Teen Drug Use Continues to Decline
Marijuana remained the most popular illegal drug among American youth in 1999, according to the survey. But more than half of drug users had also tried heroine, cocaine, and other illegal drugs as they grew older, the survey concludes.
The survey also makes estimates about alcohol and tobacco use and presents such use by U.S. state. According to the survey, an estimated 66.8 million Americans used a tobacco product in 1999, and about 105 million used alcohol at least once during the 30 days prior to their interview. The prevalence of alcohol abuse was highest in the Northern states and the Midwest region, while the use of tobacco products was more prevalent in the South.
Illicit drug use among the general population ranged from a low of 4.7% in Virginia to a high of 10.7% in Alaska. But six of the 10 states with the highest rates were in the Western region, and eight of the 10 states with the lowest rates were in the South.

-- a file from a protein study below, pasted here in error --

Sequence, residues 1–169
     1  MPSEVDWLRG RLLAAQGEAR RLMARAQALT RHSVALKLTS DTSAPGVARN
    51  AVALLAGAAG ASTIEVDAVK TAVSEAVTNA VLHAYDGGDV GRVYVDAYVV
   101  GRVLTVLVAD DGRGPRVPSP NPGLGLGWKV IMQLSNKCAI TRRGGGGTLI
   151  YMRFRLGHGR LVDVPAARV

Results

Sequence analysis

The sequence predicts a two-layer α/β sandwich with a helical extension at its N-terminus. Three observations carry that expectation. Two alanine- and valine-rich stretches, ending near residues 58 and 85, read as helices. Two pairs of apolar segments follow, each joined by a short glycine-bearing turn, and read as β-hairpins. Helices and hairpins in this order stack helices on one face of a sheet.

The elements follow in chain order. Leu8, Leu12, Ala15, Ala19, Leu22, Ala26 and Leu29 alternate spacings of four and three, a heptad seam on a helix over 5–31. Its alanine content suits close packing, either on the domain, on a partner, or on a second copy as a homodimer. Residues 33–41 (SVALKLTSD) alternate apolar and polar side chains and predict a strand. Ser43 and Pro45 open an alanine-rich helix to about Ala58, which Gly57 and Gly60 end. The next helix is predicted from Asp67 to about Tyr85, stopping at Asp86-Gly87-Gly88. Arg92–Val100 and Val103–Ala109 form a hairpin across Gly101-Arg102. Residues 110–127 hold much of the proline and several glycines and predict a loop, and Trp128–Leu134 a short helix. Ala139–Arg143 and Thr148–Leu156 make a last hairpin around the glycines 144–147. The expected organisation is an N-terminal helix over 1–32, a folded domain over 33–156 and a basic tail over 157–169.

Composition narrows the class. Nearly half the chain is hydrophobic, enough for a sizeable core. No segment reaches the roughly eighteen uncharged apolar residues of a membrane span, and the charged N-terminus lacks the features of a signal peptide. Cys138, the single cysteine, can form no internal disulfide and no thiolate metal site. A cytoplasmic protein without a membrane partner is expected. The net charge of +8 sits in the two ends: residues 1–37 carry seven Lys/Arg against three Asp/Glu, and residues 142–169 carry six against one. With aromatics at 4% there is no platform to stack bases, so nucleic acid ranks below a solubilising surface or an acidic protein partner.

Asked about the apparent lack of association between tobacco and illegal drug use, "I would come to no conclusion," said Shalala. However, this state-by-state breakdown should help states, communities, and parents tailor their own prevention programs down the line, she said.
"The findings prove that we are successfully reversing dangerous trends and making important progress," added President Clinton in a prepared statement. The president also called on Congress to join communities, parents, teachers, and young people to help keep the rates of drug use in decline.
Among the administration's proposals is a $200 million media campaign that focuses on the use of alcohol and tobacco. While a direct relationship cannot be established between tobacco or alcohol abuse and illegal drug use, this pattern of behavior can be an entry to drug use, McCaffey explained.
Earlier this week, Clinton approved a $1.3 billion U.S. aid package for Colombia, which has been ravaged by a three-decade war involving guerrillas, paramilitary gangs, state security forces, and drug traffickers. The aid package is meant to support the war against Colombia's booming drug trade, Clinton stressed, while observing that the civil conflict is in large part funded by drug trafficking.